The concentration of organic carbon in coastal sediments depends on several inter-related variables in a complex way. However, within a relatively small coastal area, several of these factors vary only little. Under these circumstances one variable, which to the largest extent determines the concentration of organic carbon is the mechanical energy of the bottom sediments. In this study we have collected sediment cores from two types of bottoms, transport (discontinuous deposition of fine particles and lower water content of sediments) and accumulation bottoms (continuous deposition of fine particles and higher water content of sediments), in a small area of the Stockholm Archipelago, in the Baltic Sea. The two bottom types are defined according to the water content of the sediment samples at the surface and distribution with depth. A statistical analysis of the organic concentration data by the means of an Analysis of variance (ANOVA) test with a 2-way layout, showed that the bottom type and not the sediment depth determines the concentration of organic carbon in these sediments. This result is believed to be universal under certain premises, and hence provides a rationale for surveying (with e g acoustic methods) the bottom dynamics whenever an estimate of the organic carbon concentration in the sediments of a given coastal area is desired. If the mean organic carbon concentration is estimated by considering these two sub-populations instead of a simple estimate, a smaller error will be obtained. View full abstract»

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  • Ocean observing technology and public-private partnerships

    Page(s): 1 - 4
    Save to Project icon | Request Permissions | Click to expandQuick Abstract | PDF file iconPDF (650 KB) |  | HTML iconHTML  

    The development and implementation of ocean observatories has primarily been driven by the research community and academic institutions. National governments have begun to take an increasingly more active role both in terms of fostering the development of individual observatories (the National Science Foundationpsilas Ocean Observatory Initiative) as well as the consideration of linking these individual observatories together into a national network (the Ocean.US Integrated Ocean Observing System). The role to be played by the private sector, both large and small companies, is also beginning to emerge. This paper explores some of the activities already undertaken by industry in ocean observing initiatives in the U.S. and other international initiatives. View full abstract»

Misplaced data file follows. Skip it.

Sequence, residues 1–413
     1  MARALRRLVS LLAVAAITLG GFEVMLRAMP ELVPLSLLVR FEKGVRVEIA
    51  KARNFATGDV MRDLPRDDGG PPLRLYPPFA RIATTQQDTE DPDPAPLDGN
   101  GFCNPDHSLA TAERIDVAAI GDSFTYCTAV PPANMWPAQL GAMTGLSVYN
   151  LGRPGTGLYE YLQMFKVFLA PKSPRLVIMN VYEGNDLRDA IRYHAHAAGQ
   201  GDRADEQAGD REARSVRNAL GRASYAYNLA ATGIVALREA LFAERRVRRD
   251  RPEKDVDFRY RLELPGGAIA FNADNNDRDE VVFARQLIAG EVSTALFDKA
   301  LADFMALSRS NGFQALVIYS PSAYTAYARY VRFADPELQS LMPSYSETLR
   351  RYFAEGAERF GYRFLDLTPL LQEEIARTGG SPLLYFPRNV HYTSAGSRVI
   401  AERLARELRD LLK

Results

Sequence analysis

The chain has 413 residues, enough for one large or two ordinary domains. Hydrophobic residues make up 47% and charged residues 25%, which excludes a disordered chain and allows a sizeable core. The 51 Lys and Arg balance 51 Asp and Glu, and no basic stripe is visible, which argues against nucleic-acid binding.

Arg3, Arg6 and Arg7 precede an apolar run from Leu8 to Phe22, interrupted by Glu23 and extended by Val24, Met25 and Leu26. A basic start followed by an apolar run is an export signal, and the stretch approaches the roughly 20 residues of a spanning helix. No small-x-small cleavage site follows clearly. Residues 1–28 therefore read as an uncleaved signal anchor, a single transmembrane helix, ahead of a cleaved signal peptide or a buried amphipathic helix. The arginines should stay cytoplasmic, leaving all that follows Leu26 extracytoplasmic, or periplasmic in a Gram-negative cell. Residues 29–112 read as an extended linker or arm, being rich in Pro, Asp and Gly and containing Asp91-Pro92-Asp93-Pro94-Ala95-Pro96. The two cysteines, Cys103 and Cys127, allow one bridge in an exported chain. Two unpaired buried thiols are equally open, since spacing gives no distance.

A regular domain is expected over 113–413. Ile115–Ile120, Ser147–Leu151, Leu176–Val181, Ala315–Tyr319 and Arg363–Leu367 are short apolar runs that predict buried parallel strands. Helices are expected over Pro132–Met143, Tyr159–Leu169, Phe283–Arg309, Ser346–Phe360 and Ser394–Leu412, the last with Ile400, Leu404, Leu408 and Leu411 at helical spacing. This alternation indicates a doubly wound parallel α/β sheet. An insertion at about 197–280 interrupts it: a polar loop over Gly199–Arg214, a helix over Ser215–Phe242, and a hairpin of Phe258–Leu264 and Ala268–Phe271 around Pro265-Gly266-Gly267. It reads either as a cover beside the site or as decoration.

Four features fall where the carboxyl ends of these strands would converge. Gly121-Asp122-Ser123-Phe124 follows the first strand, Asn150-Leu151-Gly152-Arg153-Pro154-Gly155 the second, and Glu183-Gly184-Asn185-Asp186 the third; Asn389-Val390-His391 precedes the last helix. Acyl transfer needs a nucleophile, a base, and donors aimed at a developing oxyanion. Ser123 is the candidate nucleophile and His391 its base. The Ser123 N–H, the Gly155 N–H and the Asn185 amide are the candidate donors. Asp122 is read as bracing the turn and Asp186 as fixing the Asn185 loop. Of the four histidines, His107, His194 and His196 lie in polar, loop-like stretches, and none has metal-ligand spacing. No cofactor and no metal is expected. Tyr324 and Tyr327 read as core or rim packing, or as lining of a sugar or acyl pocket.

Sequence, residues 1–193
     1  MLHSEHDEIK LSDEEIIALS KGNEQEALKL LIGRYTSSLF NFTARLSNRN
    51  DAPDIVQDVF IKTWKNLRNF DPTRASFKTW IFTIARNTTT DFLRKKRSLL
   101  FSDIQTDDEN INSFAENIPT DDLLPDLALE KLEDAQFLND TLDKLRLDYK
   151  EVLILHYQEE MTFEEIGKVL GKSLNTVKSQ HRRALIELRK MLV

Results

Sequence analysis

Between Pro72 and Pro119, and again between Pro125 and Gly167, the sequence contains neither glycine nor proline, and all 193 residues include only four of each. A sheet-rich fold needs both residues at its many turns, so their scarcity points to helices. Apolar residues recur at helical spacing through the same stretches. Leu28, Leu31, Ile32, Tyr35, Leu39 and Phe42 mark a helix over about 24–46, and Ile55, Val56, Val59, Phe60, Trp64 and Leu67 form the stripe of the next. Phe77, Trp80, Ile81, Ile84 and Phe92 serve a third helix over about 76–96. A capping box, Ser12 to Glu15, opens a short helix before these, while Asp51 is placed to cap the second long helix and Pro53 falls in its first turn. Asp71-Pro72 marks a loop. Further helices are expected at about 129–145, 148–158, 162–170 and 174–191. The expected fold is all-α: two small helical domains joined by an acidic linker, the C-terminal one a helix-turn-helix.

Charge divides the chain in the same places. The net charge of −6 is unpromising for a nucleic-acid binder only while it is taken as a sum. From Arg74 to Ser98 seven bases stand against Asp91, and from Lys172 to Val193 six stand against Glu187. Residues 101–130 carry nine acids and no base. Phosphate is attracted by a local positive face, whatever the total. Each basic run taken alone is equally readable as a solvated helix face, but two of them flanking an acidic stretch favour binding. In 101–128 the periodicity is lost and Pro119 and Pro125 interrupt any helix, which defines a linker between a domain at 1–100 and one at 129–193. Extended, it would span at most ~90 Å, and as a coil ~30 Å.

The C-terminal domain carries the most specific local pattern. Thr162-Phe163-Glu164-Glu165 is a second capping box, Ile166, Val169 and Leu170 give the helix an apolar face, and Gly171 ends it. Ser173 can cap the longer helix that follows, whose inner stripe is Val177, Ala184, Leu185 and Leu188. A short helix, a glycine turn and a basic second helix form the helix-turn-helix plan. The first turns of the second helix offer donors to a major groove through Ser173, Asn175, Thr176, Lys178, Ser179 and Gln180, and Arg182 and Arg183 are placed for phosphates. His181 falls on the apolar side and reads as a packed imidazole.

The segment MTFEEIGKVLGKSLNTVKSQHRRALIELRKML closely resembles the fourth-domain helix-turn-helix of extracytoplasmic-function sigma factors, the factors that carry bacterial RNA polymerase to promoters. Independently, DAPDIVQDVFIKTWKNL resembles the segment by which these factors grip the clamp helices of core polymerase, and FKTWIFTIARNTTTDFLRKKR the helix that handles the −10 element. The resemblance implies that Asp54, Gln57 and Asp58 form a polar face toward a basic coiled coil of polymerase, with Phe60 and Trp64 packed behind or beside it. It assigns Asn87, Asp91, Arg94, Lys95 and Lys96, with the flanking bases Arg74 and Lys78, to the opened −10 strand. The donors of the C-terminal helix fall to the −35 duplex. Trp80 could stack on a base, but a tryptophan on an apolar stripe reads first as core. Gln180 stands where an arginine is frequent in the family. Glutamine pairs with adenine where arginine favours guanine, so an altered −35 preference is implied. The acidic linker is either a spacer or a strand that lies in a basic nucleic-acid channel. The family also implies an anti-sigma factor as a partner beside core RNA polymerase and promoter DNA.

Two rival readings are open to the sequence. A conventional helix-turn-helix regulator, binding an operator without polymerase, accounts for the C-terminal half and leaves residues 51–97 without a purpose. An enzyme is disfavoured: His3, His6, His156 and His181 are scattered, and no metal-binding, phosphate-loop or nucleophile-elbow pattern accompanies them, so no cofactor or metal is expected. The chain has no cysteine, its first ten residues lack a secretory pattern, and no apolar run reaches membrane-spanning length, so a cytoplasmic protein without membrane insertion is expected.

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  • Effect of dumped chemical weapon on the Baltic Sea microbiota

    Page(s): 1 - 6
    Save to Project icon | Request Permissions | Click to expandQuick Abstract | PDF file iconPDF (651 KB) |  | HTML iconHTML  

    Seawater contamination with mustard gas and its derivatives substantially affects marine microorganisms. The mustard gas hydrolysis products (MGHPs) cause depletion of the species composition of microbiocenosis, as suggested by decreases in the Shannon and Pielou indices and the increase in the dominance index. Significant ecological shifts manifested as the decrease in the similarity indices. Decreased bacterial diversity suggests growth of a tolerant opportunistic species. From among bacterial cultures tolerant to mustard gas hydrolysis products the MGHPs-degrading microorganisms were isolated. The isolates were identified as Flavobacterium, Alcaligenes, Bacillus, or Pseudomonas spp. The main properties of these microorganisms are the tolerance to MGHPs, and the ability to utilize thiodiglycol. MGHPs-degrading bacteria can use mustard gas hydrolysis products as the sole source of carbon and energy at the organochlorine substances and thiodiglycol concentrations up to 240 mg/l and 6 g/l, respectively. The results suggest a potential for MGHPs biodegradation by natural occurring populations of near-bottom water and sediment microorganisms. Reduction in the species diversity of the marine microbiota suggests a decrease in the stability of the biosystem as a whole. View full abstract»